July 4 Fireworks in Breckenridge started at 9:32. AM. The Firecracker 50 Expert 30-39 field was the second wave of racers to begin the July 4th parade and two lap 50 mile race. The road lead out and 6 mile climb up Boreas Pass separated the field early. I rode conservatively consistent on the climb and worked in with a few riders as we gradually picked off riders that could not keep pace. I rode well and let it go on the downhills as much as I could handle on the hardtail with sort of numb hands from a couple big early season rides. I had a small crash, but besides that, the first lap went well and I lapped through earlier then I expected.
A very quick pit thanks in part to Eric, who handed me two new bottles, and I was off. The second lap was a little slower as I felt a bit tired. A friend offering encouragement on Little French Gulch kept me moving up the rocky, steep, loose climb. One of my water bottle cages broke, so I had to stop and "fix" it. A case of chain suck due to the dry course slowed me for a few moments also. I actually thought I was not going to be able to get my chain free after a few moments. I was pretty worked the last 1/2 of the second lap, but still managed a solid time. I was a bit faster then I thought, but it was hard to compare times from this year to last year as the course was a little bit different and probably faster. I was 50 minutes faster though, and am happy with the result.
The Breck100 a week and a half later was a far different story. I didn't ride much between the two races since they are both fair efforts and I wanted to be fresh for the Breck100 which climbs over 13,000 ft. I took the start line Sunday morning at 6AM with questions on how recovered I was and if I was ready to rock. 30 minutes into the climb I knew it was not my day. The two previous years I had to hold back the effort on the climb up to Wheeler Pass. This year I could barely turn the pedals over. My heart rate was really low and I could not get it to the zone I normally climb in. I couldn't even get it to my normal endurance effort. I continued on with the hope my body would come around. Who knows. Sometimes it takes a few hours. My lap one time was slow. I didn't feel right. And I didn't feel another 70 miles. I pulled the plug, which was difficult to do. It had been 4 years since I DNF'd at a race, the last being a triple flat day. I was pretty disappointed I was not ready, but I think DNF'ing was the best idea as I did not want to dig a deeper hole and not be able to get out of it for a while. Some days you have it, some days you don't.
I took five days off the bike after the race, which was mentally challenging. This past weekend was the Courage Classic Children's Hospital fundraiser, and I wanted to make sure I was ready for a good weekend of riding in Summit county. Most of team GTRI stayed at a condo that we rented in Frisco. The goal was to ride from the condo each day. The start line for the day one route was in Leadville, 31 miles from the condo and over Freemont pass, which was almost 2,000ft higher than our start. Tim and I rode to the start and got going a little later then we planned. Most people probably started IN Leadville before we started in Frisco. Our pace was a little different, so we each rode on our own. Turquoise lake is surrounded by 12,000ft peaks and a thick pine forest. The ride around the lake consists of steep climbs and descents. Flat sections don't really exist here. I was tired and uncertain how I would react to big rides less than a week after having nothing, so I took it easy on the way back to Frisco. Ride data here.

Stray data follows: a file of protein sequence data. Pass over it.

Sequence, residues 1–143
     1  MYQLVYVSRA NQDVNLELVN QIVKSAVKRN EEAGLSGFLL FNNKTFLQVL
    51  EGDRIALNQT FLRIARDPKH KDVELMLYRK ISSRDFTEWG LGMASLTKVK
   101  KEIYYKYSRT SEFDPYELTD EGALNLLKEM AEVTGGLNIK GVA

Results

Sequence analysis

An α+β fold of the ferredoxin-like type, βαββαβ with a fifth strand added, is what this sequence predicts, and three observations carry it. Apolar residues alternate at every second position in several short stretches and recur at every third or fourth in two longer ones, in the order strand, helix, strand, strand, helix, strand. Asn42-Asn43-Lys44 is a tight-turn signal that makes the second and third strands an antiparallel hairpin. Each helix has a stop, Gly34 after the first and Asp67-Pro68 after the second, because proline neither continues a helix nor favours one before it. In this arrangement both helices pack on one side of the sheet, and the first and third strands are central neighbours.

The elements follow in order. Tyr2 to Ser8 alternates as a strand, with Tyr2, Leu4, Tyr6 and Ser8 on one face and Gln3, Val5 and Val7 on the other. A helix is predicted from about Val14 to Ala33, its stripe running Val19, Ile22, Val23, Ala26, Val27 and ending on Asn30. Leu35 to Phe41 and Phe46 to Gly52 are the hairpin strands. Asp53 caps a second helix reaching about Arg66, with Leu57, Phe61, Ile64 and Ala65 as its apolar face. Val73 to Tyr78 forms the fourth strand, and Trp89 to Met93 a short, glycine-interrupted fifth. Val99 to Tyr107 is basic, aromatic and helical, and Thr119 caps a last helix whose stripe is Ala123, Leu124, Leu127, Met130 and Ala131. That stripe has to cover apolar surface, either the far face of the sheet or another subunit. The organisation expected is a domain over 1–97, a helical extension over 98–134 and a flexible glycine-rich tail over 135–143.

Sunday's ride was 100 miles. It was a lot of riding on Summit counties elaborate bike paths and then out to Ute Pass, which was a new climb for me. I felt pretty decent for the first couple hours. I worked in with a pace line before the Ute pass turn off to save energy and keep moving. I worked to the front a few times, even jumping ahead when it seemed to slow down. When I was at the front I was keeping speeds between 25 and 35mph, which surprised me quite a bit. The route had us going up and over Ute pass and turning around when the rough pavement turned to gravel. Its a nice climb from both sides. I don't think it ever got over 8% on either side. A little rain for a while was the only notable thing for the rest of the ride. Ride data here.
Mondays ride started off quite painful. Turning the pedals after 180 miles the previous two days was brutal. It took about 30 to 40 minutes for the legs to come around a bit. The steeper pitches up Freemont Pass forced a greater tempo. My "pacing" for the long ride turned to an all out effort to the top 15 miles into an 80 mile ride. I used the frustration from DNF'ing the week before to keep the pace up. The ride was very similar to Mondays ride, but this time it was supposed to end in Leadville. That was our lunch break before the final 31 miles back to the E. A quick coffee stop for some extra fuel and we were on to beat the rain and lightning. My legs felt great climbing up to Freemont. I reached a new top speed on the bike on the ride down, 58.1mph. Monday's ride here.
The Courage Classic was a great weekend for a great cause. My legs felt good for most of the weekend, and I really needed a good weekend of training.